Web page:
Human genome has gone from What, to Where and When

Today’s Nature has published our article that describes a comprehensive, detailed map of the way genes are active across the major cells and tissues of the human body.

The findings describe the complex networks that govern gene activity – detailing each promotor for each gene, and showing how it is active in each cell type. In parallel we’ve developed a program (CAGExploreR) that allows the detection of how promotor use changes as you go from each type of cell to each other type of cell. This is the clearest picture yet of how human genes are regulated in the vast array of cell types in the body – work that should help people target genes linked to disease.

This means that we can see in detail exactly where genes are initiating their activity in each major cell type in the body. Now we know where to look for genes that may be related to disease in for instance, dendrites, neurons, macrophages, skin cells …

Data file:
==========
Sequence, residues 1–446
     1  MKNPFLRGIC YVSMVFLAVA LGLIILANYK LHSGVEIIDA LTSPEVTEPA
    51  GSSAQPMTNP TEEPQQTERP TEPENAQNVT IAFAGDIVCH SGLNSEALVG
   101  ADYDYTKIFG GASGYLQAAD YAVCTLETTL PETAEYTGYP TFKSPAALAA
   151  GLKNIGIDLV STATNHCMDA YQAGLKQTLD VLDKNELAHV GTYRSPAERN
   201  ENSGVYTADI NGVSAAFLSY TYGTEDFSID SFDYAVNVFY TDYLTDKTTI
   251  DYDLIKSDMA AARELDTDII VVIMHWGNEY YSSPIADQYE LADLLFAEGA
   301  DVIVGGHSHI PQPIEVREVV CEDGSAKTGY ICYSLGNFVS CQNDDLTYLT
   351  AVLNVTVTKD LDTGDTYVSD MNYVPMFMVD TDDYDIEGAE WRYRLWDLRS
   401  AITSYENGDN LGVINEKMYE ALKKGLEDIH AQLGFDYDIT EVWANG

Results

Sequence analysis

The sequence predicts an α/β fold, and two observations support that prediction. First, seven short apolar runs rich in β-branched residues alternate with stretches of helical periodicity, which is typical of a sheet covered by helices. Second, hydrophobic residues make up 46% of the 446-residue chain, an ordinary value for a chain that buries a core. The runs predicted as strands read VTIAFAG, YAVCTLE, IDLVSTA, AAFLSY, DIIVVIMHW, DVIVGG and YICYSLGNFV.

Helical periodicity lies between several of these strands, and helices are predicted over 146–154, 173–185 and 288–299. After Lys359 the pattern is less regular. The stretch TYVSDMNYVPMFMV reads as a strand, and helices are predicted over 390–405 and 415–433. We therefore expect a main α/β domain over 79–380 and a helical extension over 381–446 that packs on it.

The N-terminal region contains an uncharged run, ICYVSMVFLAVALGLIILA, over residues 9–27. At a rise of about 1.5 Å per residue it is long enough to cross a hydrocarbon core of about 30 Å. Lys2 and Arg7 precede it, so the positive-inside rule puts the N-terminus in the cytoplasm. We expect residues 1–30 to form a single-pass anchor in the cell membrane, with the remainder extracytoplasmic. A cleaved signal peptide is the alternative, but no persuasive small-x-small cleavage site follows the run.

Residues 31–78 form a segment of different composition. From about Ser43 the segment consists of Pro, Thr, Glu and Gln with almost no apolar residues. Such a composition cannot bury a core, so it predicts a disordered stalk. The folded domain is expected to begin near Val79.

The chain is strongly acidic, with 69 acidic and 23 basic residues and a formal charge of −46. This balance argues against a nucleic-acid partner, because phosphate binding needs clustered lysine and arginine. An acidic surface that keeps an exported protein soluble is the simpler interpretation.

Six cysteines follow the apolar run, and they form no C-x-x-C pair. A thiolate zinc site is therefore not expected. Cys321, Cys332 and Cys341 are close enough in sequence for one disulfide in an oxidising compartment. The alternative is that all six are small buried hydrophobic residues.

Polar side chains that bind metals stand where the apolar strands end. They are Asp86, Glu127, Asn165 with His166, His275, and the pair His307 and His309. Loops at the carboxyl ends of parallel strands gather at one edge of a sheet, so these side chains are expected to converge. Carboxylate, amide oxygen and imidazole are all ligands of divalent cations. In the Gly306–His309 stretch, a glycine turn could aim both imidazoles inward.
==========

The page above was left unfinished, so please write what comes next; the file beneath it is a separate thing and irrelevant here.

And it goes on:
The release is here and the article is here

 

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About winhide

I develop and use computational biology approaches to impact global public health in research such as understanding of stem cell biology, systematics of cellular profiling and complex diseases.
This entry was posted in bioinformatics, Data sharing, expression atlas, Gene regulation, genome data sharing, Genomics, networks, open access, pathways, stem cell bioinformatics, Uncategorized. Bookmark the permalink.

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